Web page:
What Can Happen if Wisdom Teeth Are Not Removed
Issues with wisdom teeth are commonplace and having them extracted sooner rather than later can prevent ongoing problems in the future.
Wisdom teeth are the last set of molars to emerge through your gums, usually in your late teens or early 20s – the age when we are supposed to start gaining wisdom.
For no clear reason, the number of wisdom teeth that erupt varies from one to four and in rare cases more than four. Some lucky individuals don’t get wisdom teeth at all.
In many cases, wisdom teeth do not emerge fully through the gum line or remain beneath it. This happens because people’s mouths have evolved to be smaller and there’s simply not enough room for this third set of molars in the corners of our mouths.
A partially erupted (impacted) wisdom tooth can lead to a bacterial infection called pericoronitis. Also known as operculitis, this condition causes inflammation of the gums and the dental follicle.
Pericoronitis typically starts as a minor inflammation but can become an acute condition, with symptoms intensifying to swelling, fever, and pain as the infection spreads. Pericoronitis occurs more often with wisdom teeth than other molars.
Signs of Wisdom Teeth Issues
Impacted wisdom teeth may be free of symptoms or cause:
- Tenderness of the gums.
- Swelling and redness of the gums.
- Jaw pain, not necessarily around the area of the wisdom teeth.
- Sensation of a bad taste.
- Swelling of the jaw.
- Cysts or tumors.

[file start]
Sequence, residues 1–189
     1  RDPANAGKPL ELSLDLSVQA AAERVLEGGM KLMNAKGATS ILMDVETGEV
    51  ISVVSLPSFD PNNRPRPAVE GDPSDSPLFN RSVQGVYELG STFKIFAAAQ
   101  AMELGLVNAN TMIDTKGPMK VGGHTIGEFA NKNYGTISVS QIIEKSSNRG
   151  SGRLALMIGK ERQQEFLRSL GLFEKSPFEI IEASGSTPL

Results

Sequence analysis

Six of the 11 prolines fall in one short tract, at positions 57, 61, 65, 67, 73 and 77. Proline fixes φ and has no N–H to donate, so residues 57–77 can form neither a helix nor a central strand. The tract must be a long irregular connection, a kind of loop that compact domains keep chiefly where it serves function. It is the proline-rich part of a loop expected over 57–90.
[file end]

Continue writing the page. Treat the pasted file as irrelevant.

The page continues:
- Gum disease.
- Persistent bad breath (halitosis).
Dental professionals say the ideal time to remove wisdom teeth is while the patient is aged 18 to 24, before the roots are fully formed. Extracting the wisdom teeth of older people increases the difficulty of the surgical procedure, with potential problems such as nerve damage.
Problems That Wisdom Teeth Can Cause
Impacted wisdom teeth are more likely to develop cavities. Because they’re stuck in the gums, it’s harder to reach them with your toothbrush and floss.
A further problem is that microbes are likely to become trapped in the area around the wisdom teeth, particularly if a pocket has developed in the gums. Periodontal pockets are gaps between the gums and teeth that become too deep, providing a home for colonies of bacteria.
Troublesome wisdom teeth can also increase the risk of gum disease and put pressure on the adjacent second molars, leading to deterioration of the enamel.
If your wisdom teeth erupt after you’ve been wearing braces, they can negate that orthodontic treatment by causing other teeth to shift.
A wisdom tooth that remains buried in the gum can result in a cyst around the roots or crown that can damage soft tissue and bone. Dental cysts may remain undetected for months or even years as they gradually eat into the jaw bone. In some cases, people only realize they have a dental cyst when their jaw eventually breaks through weakening of the bone.
In other cases, wisdom teeth grow in at the wrong angle. A crooked wisdom tooth can cause permanent damage to adjacent teeth and result in a misaligned bite function.